Angry Patients and Arrabbiata Sauce

Sometimes, patients can express anger quite simply.

In medicine, you get quite used to dealing with angry patients. Sometimes patients are angry because they’re frustrated with care they received in the past. Other times, patients think that by yelling, they can bully the physician or nurse into doing what they’d prefer (whether or not it’s providing them with prescription drugs or lying to their insurance companies)…though you can probably imagine that as person like me yells back. 😉

And then, you have the patients who are just plain sassy.

I was recently on a consult month, which means that we’re asked by primary medicine and surgery teams to see their patients as “experts” in a certain organ system. For this consult, we were asked to see a patient who was currently intubated.

Patients are at different levels of “awakeness” when they’re intubated. Some patients are completely sedated, others are able to follow simple commands, while still others are awake enough that they can write responses to your questions.

As part of our assessment of an intubated patient, we need to determine how “awake” they are. If we already know the patient isn’t at the writing stage, we’ll normally ask patients questions and see if they can respond appropriately.

Fellow: Sir, squeeze my hand if you can hear me right now.

*patient squeezes hand*

Fellow: Sir, squeeze my hand if you are in a hospital right now.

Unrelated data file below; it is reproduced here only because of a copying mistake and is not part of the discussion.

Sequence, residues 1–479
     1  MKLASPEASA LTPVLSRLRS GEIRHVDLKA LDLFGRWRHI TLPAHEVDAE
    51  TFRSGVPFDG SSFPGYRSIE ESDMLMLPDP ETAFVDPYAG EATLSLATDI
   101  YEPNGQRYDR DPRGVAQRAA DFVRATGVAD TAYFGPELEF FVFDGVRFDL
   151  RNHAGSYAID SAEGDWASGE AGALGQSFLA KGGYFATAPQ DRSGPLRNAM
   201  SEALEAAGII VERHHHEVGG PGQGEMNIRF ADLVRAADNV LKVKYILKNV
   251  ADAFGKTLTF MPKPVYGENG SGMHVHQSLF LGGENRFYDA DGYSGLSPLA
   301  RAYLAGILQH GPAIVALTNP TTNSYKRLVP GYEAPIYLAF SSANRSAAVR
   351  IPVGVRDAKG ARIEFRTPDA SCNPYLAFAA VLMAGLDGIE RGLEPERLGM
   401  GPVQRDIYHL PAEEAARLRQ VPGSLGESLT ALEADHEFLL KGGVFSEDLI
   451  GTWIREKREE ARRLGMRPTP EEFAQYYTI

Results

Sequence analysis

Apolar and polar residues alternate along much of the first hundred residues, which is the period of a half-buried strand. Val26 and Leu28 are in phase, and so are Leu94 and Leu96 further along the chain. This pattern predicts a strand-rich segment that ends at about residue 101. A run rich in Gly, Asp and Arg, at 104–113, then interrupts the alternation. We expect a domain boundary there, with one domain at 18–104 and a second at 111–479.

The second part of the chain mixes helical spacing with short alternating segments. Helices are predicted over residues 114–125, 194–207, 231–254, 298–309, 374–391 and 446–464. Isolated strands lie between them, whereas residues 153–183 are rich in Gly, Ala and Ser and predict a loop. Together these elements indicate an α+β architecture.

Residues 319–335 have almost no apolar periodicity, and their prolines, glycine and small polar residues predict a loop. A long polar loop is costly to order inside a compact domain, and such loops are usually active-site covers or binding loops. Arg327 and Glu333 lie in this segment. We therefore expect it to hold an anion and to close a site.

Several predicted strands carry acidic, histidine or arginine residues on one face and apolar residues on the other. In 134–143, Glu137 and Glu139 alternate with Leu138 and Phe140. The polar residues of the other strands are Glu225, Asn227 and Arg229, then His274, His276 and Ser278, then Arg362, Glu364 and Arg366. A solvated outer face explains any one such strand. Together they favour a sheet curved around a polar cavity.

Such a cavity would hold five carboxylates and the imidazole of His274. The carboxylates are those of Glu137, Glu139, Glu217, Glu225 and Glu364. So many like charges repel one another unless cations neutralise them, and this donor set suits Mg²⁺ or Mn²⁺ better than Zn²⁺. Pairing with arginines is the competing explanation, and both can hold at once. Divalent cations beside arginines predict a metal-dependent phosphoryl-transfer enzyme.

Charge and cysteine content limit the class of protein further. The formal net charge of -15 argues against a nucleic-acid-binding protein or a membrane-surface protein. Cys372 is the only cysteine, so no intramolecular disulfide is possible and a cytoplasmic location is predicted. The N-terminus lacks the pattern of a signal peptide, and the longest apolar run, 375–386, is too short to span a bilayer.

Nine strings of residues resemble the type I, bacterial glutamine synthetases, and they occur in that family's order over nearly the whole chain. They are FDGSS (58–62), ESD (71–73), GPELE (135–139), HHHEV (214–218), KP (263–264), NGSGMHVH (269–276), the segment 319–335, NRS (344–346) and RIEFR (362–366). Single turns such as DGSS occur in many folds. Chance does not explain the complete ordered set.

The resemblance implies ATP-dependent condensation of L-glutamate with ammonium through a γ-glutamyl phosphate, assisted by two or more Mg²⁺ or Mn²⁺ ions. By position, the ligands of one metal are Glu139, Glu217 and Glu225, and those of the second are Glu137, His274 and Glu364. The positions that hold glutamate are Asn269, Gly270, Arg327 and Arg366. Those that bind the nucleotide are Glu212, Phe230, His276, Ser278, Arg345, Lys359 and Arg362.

*patient squeezes hand*

Fellow: Sir, squeeze my hand if the sky is orange.

The patient did not squeeze his hand. Instead, he glared (or as well as you can glare with an endotracheal tube in your moth) and slowly raised his hand towards our fellow.

Only his middle finger was pointing towards the sky.

Simple Gestures Arrabbiata Sauce

because everyone knows how to show displeasure


  • 1 lb hot Italian sausage (removed from casing if that’s the only way you can find it)
  • 1 lb lean ground turkey
  • 1 tbsp olive oil
  • 1 really large onion or two medium onions, diced
  • 3 tbsp minced garlic (feel free to add more if you’d like)
  • 2 large cans diced tomatoes
  • 1 small can whole tomatoes
  • 1/4 c sugar
  • 1 c red wine
  • 2 tsp red pepper flakes (again, feel fee to add more to kick up the spice)
  • 1 tbsp dried oregano
  • 1 tbsp dried basil
  • Salt
  • Pepper


  1. In a large saute pan, brown sausage and turkey. Drain the fat and put into a really large crock pot (if it’s the largest size you can find, that’s the way to go. I know it might seem crazy to have a crock pot that big, but you can cook an ENTIRE CHICKEN, enough chili for a party, or enough of this sauce to last you for a few family dinners. Or, in my case, enough to have friends over for one meal.).
  2. In the same saucepan, add in the olive oil over medium heat. Add in the onions until they start to sweat. Add in the garlic and saute until they become translucent. Add these to the crock pot.
  3. Pour in the 2 large cans of tomatoes. Add in the smaller can of whole tomatoes after breaking up by squeezing with your hands (get out that anger!).
  4. Stir in sugar, wine, red pepper flakes, oregano, and basil.
  5. Cook on low for 6 hours or until your entire house smells of delicious tomato sauce.